The era from 1000 B.C. to 1 A.D. marks a period of consolidation and development for the Lapita settlers who first reached the islands of western Polynesia between 1300 and 1000 B.C. By 500 B.C., the descendants of these first settlers begin to develop the earliest recognizably Polynesian cultures in Samoa, Tonga, and Fiji. Several centuries later, the Polynesians begin to venture out into the remote and widely separated archipelagos of the eastern Pacific, settling the Marquesas and northern Cook Islands between 200 B.C. and 1 A.D.
In the western Pacific, the era from 1000 B.C. to 1 A.D. is characterized by growing trade and interaction between the indigenous peoples of island Southeast Asia and cultures on the Asian mainland. Beginning in roughly 600 B.C., the Dongson culture, known for its extensive bronzeworking traditions, becomes active in Vietnam. Over the ensuing centuries, Dongson drums (2000.284.57) and other bronze objects are traded extensively in island Southeast Asia and their imagery becomes an important influence on the region’s indigenous artistic traditions. Trade goods from the islands also begin to appear on the mainland. Between 200 B.C. and 200 A.D., records and archaeological finds from the Han dynasty and the Roman empire show that clove, which grows only in the Maluku region of eastern Indonesia, is present in locations as widely dispersed as China and southern Europe.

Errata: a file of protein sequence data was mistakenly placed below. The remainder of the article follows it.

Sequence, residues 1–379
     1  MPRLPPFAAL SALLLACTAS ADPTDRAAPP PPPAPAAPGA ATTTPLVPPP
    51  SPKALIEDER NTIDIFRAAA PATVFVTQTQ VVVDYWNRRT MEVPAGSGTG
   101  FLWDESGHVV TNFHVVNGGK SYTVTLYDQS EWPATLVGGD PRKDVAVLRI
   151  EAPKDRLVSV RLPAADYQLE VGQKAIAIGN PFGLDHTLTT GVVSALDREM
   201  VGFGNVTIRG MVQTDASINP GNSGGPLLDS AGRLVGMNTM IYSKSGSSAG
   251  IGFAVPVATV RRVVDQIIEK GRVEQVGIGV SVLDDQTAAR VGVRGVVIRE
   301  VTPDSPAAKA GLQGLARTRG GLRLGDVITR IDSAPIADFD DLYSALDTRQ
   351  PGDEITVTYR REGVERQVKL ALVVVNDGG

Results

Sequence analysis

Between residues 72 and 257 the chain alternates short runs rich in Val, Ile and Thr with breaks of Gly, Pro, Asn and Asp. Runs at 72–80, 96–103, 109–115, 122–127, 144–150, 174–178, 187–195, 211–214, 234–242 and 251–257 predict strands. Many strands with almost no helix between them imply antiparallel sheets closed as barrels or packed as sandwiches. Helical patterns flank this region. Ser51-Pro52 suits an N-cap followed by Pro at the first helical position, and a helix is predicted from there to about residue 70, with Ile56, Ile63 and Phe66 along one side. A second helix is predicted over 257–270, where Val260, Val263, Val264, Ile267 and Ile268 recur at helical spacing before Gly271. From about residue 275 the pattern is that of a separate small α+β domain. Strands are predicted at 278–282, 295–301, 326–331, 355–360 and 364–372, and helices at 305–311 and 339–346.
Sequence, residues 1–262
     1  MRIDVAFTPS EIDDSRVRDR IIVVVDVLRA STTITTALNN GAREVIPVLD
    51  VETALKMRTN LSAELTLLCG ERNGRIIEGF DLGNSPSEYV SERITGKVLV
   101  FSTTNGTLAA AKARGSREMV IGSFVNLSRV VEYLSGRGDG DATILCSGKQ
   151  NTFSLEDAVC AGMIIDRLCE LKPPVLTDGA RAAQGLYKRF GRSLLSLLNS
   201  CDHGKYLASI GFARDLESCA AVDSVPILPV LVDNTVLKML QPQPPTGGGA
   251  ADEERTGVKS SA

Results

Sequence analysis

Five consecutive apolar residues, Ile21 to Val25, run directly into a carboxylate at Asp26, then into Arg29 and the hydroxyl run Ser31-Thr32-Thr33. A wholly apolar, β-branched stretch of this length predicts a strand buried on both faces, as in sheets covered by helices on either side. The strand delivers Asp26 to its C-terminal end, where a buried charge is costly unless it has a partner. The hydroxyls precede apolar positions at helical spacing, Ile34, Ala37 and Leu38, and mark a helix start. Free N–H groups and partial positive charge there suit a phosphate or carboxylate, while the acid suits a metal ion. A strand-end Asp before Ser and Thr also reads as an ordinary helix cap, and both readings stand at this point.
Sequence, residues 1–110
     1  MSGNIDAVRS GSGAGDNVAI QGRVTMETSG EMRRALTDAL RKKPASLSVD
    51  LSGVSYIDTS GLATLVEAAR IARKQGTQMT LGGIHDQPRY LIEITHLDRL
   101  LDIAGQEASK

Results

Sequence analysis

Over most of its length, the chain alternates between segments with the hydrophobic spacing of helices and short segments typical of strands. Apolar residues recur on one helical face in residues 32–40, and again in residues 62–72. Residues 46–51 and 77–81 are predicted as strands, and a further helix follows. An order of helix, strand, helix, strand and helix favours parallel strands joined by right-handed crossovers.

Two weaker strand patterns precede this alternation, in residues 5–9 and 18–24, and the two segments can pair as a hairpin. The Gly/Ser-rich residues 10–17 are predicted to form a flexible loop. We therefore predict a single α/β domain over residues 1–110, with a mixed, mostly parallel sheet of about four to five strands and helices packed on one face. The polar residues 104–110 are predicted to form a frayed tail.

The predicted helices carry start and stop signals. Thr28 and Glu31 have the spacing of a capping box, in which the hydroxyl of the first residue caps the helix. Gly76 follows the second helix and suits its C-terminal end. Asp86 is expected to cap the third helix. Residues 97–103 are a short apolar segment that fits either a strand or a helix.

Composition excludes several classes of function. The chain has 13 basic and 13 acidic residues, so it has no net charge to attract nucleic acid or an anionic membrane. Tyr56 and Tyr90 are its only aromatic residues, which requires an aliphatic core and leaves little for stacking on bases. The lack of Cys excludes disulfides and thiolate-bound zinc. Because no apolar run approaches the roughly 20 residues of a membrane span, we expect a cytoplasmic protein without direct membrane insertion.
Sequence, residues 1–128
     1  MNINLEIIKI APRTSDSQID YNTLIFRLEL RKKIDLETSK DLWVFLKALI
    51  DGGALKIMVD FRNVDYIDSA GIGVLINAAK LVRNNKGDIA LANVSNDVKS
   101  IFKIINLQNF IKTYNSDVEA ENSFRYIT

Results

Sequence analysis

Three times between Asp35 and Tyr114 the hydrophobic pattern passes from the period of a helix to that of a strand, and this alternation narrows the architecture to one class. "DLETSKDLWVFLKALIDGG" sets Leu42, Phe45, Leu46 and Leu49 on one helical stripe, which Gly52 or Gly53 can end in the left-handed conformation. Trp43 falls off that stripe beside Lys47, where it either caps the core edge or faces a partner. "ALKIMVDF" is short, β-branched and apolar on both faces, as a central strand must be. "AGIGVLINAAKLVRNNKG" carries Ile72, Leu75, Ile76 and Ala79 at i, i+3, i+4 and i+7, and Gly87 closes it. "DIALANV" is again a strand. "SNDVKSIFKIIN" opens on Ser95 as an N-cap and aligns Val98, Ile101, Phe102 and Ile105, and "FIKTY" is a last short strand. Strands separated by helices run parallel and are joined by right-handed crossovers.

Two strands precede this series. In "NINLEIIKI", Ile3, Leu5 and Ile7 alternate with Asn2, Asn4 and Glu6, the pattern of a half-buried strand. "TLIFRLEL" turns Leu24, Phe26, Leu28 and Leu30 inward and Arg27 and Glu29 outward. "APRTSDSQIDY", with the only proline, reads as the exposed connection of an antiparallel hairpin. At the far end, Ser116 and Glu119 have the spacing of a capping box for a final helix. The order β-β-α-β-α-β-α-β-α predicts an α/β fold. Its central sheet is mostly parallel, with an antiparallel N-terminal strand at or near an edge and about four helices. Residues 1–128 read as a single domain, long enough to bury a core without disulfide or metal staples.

Lapita peoples settle Island Melanesia and Western Polynesia.
Decoration of Lapita pottery ceases and Lapita cultures begin to diversify into recognizably Polynesian forms.
Art of the Manga’asi period, characterized by pottery vessels with incised and applied geometric motifs, flourishes in Vanuatu. A fragmentary pottery figure, depicting an animal, is also known from this period.
Pottery is manufactured in Papua New Guinea and extensively traded.
Sohano-period art of the Solomon Islands is characterized by pottery with geometric decoration, demonstrating links with the preceding Lapita tradition.
Trade links are established between New Guinea and island Southeast Asia.
“Oceania, 1000 B.C.–1 A.D.” In Heilbrunn Timeline of Art History. New York: The Metropolitan Museum of Art, 2000–. http://www.metmuseum.org/toah/ht/?period=04®ion=oc (October 2000)